Fostering innovation with Cloud Computing
If you intend to innovate in your company, know that the changes provided by Cloud Computing, can favor several areas of these innovations.
Whether they are in need of creating a new business or improving traditional businesses, cloud computing was done to eliminate much of the large initial investment.
Whenever it is necessary to innovate in a company, the first area that the owners evaluate, even before verifying if it is possible to effect the changes is in relation to the investments for them to occur.
Before the cloud, it was necessary to make a large investment in technology infrastructure, so that only then could the new business model or its redesign be initiated.
Cloud Computing allows entrepreneurs to “venture” more into innovations, as technology reduces a large percentage of the risks in relation to initial investments.
With the reduction of almost 100% of these investments, there are not many economic risks if it does not succeed.
Only a small part or none will be lost as the cloud’s On Demand system allows you to only pay for what you use.
Success and innovations
With the success of innovation, Cloud Computing allows greater agility when increasing the demand for resources, being done almost instantly by Cloud companies such as Azure, AWS, Google Cloud and others.
In other times, this increase in resources, such as an increase in processing capacity, required a large investment, in addition to leaving the server used in the project “scrapped”.
Just hiring exactly what you need and no heavy investment in hardware, floor space, energy consumption and more will be a problem to expand your business.
The cost on Cloud platforms always adjust to the demands, there is no need to worry about paying for something you are not using. However, a good technology (IT) team is needed to define the best strategies for your type of business.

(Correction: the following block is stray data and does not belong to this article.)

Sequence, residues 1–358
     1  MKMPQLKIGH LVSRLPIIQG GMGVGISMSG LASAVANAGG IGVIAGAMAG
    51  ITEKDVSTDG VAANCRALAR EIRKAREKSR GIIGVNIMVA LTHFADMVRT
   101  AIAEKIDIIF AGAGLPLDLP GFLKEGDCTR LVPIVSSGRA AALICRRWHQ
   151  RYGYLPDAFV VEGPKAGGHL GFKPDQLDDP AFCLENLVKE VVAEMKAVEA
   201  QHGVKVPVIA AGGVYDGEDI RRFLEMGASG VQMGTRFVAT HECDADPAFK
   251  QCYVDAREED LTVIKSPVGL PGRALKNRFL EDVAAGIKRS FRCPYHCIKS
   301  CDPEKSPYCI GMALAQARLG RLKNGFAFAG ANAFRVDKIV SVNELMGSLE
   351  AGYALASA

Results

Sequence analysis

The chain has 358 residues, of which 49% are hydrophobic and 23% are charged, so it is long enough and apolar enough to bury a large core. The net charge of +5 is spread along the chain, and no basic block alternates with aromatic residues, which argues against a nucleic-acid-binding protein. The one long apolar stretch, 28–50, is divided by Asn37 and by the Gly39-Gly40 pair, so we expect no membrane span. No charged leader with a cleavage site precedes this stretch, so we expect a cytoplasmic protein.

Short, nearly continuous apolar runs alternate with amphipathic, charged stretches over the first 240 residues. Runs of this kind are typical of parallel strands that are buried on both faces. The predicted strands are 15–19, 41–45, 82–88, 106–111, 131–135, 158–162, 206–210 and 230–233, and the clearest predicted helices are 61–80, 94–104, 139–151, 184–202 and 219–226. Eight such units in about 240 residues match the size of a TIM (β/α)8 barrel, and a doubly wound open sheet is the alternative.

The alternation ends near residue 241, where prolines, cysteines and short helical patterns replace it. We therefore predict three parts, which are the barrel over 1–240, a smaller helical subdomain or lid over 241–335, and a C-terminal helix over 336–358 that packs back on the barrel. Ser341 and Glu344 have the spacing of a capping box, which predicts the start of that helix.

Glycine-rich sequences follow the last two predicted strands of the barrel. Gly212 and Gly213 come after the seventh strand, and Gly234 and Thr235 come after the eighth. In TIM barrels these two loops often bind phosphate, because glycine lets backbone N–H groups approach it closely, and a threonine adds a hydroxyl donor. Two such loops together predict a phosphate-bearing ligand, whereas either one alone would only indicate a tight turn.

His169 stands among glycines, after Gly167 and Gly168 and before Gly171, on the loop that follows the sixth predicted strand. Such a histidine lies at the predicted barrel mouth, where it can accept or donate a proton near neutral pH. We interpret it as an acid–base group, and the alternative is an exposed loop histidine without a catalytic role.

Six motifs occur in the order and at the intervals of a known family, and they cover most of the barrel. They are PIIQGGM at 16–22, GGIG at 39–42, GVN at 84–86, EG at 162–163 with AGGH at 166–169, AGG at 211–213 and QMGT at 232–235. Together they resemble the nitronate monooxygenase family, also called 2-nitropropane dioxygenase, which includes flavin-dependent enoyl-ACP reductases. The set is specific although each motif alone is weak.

The cloud and the economy of scale
All the technological resources of the cloud generate economies of scale for your company, as they are generally shared, where the entire organization of processes, failures, investments, excessive expenses are exclusively a problem of the cloud supplier and not yours.
Resource sharing generates savings that would not be possible if applications were run on their own or outsourced infrastructures.
The concept of economy of scale in general is geared to the organization of the production process, where all the items that are part of this process are used in the best possible way, causing expenses to decrease along the entire production “line”. .
If the provider of your cloud services is organized and invests in the area, the trend is that over time your costs may decrease further.
As an example, we can mention the evolution of hardware, where if your current need is 2tb of storage, with the advancement of technology, if in the future your need is still 2tb, the values tend to fall because it is something that requires less of the Supplier.
Economies of scale at the supplier
In the cloud, all the economies of scale that happen at the supplier are passed on to the receiver. That is, if they save, the trend is that you will also save.
The greater the number of customers, the greater the need for suppliers. This great demand ends up generating a better negotiation to acquire the necessary equipment so that everything works correctly.
When there is a high demand for investment from the supplier, the value is diluted among the entire customer base. The higher this number, the less the impact on the final consumer.
Example: If your company had a data center and in order to expand your business it was necessary to acquire more processing capacity, the total cost of this investment would be yours alone. In the cloud, the investment can be divided between new and old customers of the supplier.
Economies of scale at the client
Cloud economies of scale can also be applied to the end consumer side. After all, the On Demand system allows customers to use only what is necessary, preventing costs for unused resources from being borne by the contractor.
The average use of servers by the customer is much higher than in other exclusive options.
In this form of use, the times that most require processing capacity are those that will be focused on by the supplier.
The processing target at these times is greater than at idle periods. For example, your company needs a high demand for resources during business hours, but in the early morning the usage is practically zero.
On dedicated servers, you pay for both consumption during business hours and in the idle period.
In cloud computing, when a server is idle it is allocated to another application, providing the need for another client.
So in a fairer way, when you are not making use of the full capacity of services, they are not charged and are directed to others.
In Cloud Computing, you only pay for what you use.